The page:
massage and bodywork professionals

a community of practitioners



A discussion about localized, medical, and absolute contraindications, and how to talk with your clients about them.

Members: 130
Latest Activity: Aug 18, 2015

Discussion Forum

Pityriasis rosea 2 Replies

Started by Olga Chwascinska. Last reply by Olga Chwascinska Jun 8, 2010.

Pulmonary Emboli (more than one clot in lungs)

Started by Lara Rininger May 25, 2010.

Leg clots

Started by Donna C. Agrinsonis, LMT May 25, 2010.

Comment Wall


You need to be a member of Contraindications to add comments!

Comment by Noel Norwick on July 31, 2009 at 10:09am
In the USA, the most current edition of Ruth Werner's book, A Massage Therapist's Guide to Pathology published by Lippincott, Williams & Wilkins provide the closest thing to a legal "safe harbor" (protection against being successfully sued for alleged malpractice).

One might also check with their trade association/insurance provider regarding what type of claims have been made against members during the most recent several years.

If you're willing to decide for yourself what is safe/unsafe and accept somewhat more legal/personal risk, I suggest you track:
3. Journal of Bodywork and Movement Therapies available online at
Comment by Denarah McHold, LMT on July 28, 2009 at 2:11pm
I think I was just surprised he was calling it an injury and saying it was probably inflammed with out palpating it.

Ofcourse inflammation from infection (heat, redness, swelling) is a contraindication, but I wasn't sick, and didn't pull or injure a muscle, just used it so much it got really tight which lessened blood flow and cramped up/ went into spasm when I lifted the suitcase.

thanks for commenting. Welcome new members!! Please feel free to bring up your contraindication experiences both as a therapist and a client!
Comment by Susan G. Salvo on July 28, 2009 at 10:30am
Inflammation may occur during infection, but it also is part of the body’s response to tissue damage after injury.

The purpose of inflammation is to stabilize the injured area, contain infection, and initiate the healing process.

My understanding is that massage is contraindicated while inflammation is present – give the body a chance to initiate, establish, and resolve inflammatory processes.

If you agree, treat localized inflammation as a local contraindication and widespread inflammation as an absolute contraindication.

If you need a review of inflammation’s cardinal signs, let me know.
Comment by Denarah McHold, LMT on July 27, 2009 at 5:02pm
I must have overworked my shoulder in a workout on Friday, and my upper traps were in spasm after leaning over and lifting a suitcase towards my chest Sunday morning. I increased ROM by deeply holding points in the belly of the muscles, and stretching pec major. Today I went to get a massage to break up the hypertonic tissue, and the therapist said it is not reccommended because the muscle may be inflammed. Has anyone heard that as a contraindication? I thought it was just sore from being so tight from working out, but he refused to do deep tissue work on it. Anyone have thoughts about that?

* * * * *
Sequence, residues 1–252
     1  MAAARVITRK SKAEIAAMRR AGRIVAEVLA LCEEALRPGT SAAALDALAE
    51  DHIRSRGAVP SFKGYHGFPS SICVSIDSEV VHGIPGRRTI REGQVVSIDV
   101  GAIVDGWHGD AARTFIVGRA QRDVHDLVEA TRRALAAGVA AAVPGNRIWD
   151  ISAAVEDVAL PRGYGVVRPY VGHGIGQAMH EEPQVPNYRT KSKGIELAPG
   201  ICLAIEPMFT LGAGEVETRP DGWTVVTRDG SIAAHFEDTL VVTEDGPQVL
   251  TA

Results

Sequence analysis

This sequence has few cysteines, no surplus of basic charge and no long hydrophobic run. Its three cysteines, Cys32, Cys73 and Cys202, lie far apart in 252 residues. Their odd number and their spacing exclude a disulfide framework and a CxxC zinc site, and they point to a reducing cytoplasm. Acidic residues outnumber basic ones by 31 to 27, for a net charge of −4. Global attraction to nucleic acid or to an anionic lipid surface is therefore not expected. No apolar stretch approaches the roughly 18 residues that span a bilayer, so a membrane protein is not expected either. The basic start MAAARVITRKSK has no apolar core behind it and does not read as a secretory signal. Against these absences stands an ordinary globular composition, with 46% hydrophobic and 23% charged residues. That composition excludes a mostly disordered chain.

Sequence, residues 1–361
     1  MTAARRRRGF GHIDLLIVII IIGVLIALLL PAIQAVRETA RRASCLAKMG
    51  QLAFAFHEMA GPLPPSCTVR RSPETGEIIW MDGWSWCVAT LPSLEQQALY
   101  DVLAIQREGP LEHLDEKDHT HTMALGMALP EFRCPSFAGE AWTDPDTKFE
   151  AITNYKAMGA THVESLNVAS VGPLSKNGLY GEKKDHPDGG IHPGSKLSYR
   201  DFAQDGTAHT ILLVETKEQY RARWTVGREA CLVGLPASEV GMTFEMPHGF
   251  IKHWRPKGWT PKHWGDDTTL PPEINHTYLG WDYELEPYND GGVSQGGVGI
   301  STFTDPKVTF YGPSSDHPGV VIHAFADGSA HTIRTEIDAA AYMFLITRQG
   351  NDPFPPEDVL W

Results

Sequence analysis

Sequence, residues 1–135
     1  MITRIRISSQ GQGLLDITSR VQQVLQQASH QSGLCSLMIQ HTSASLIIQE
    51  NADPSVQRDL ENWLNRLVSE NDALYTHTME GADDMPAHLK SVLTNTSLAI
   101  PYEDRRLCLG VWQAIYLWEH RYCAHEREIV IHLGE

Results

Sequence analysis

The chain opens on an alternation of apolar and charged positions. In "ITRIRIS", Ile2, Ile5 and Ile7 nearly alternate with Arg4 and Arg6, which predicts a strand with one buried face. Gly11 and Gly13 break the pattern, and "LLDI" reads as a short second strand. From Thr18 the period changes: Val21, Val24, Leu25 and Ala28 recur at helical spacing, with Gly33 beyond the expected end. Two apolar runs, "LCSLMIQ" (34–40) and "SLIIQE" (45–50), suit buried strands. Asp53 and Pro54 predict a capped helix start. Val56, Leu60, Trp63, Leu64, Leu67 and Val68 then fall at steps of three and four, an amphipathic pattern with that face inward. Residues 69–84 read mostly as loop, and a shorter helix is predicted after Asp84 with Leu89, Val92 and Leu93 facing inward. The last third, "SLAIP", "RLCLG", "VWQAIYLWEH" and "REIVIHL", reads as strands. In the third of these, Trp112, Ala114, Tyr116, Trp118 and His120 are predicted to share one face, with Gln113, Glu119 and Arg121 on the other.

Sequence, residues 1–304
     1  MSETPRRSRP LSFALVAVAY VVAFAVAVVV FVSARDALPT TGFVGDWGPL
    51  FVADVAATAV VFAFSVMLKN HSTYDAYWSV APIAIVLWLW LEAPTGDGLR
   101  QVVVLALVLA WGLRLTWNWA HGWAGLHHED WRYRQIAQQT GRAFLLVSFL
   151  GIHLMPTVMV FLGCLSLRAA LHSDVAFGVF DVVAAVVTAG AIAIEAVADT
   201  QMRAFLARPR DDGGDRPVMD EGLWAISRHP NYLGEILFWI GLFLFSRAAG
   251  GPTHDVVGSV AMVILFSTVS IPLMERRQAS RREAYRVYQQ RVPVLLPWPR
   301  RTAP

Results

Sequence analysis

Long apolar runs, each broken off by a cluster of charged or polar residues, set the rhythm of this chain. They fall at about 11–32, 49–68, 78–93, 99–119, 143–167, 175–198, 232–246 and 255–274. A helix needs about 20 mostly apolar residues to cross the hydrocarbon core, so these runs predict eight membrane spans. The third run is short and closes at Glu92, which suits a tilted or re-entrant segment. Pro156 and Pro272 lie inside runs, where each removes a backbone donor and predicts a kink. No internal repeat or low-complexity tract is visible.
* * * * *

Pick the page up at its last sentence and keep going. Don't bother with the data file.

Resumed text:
If I were a client of mine, I would have done myofascial work, and then slowly slowly worked with the client taking deep breaths as I went deeper, then letting the tissue release with a few breaths, and then moved to the next spot and continued.
(He did do a good job though, but this group is about contraindications, and I just was interested in hearing people's thoughts.)
Comment by Susan G. Salvo on July 22, 2009 at 4:58pm
I used to feel that way too about the first trimester. But research shows that's it's okay.

Yes, these are important discussions. I will help when I can.

I did a youtube video on how to position and drape pregnant clients. Check it out when you have a moment.
Comment by Denarah McHold, LMT on July 22, 2009 at 4:37pm
:) Thanks. I was just using those as examples.
Interesting though! I had been taught that unless you are trained in pregnancy massage, and even if, you don't massage for the first 13 weeks.

Thanks for joining and commenting! Let us know next time you come across other contraindications!

Comment by Susan G. Salvo on July 22, 2009 at 9:39am
For psoriasis, massage is indicated. Be sure and use a highly emollient cream such as one containing Shea or cocoa butter to help counteract skin dryness; some clients do best with a hypoallergenic product.

Some scales may dislodge during treatment.

Inquire about pressure sensitivity over affected areas and any inflamed areas. Pressure should be adjusted in areas that are sensitive.

Hypersensitive areas or areas of inflammation or broken skin should be avoided.
Comment by Susan G. Salvo on July 22, 2009 at 9:37am
Great question!!!

The most recent information I have is that massage is safe in the first trimester unless the pregnant client is experiencing vaginal bleeding or abdominal cramping (these are essentially signs and symptoms of miscarriage).

The only other consideration is if her pregnancy is high risk. It’s the trump card and now medical clearance is a good idea.
Comment by Denarah McHold, LMT on July 22, 2009 at 8:39am
Hello, and welcome. I just started this group because as a newly practising therapist I am interested in hearing practical applications of what I learned in school, and how to deal with them in the field. For example, the difference in not working on a woman who is 8 weeks pregnant, but working on someone with psoriasis, and avoiding certain affected areas. Any thoughts or experiences you want to share? Please feel free!

Members (130)


© 2024   Created by ABMP.   Powered by

Badges  |  Report an Issue  |  Terms of Service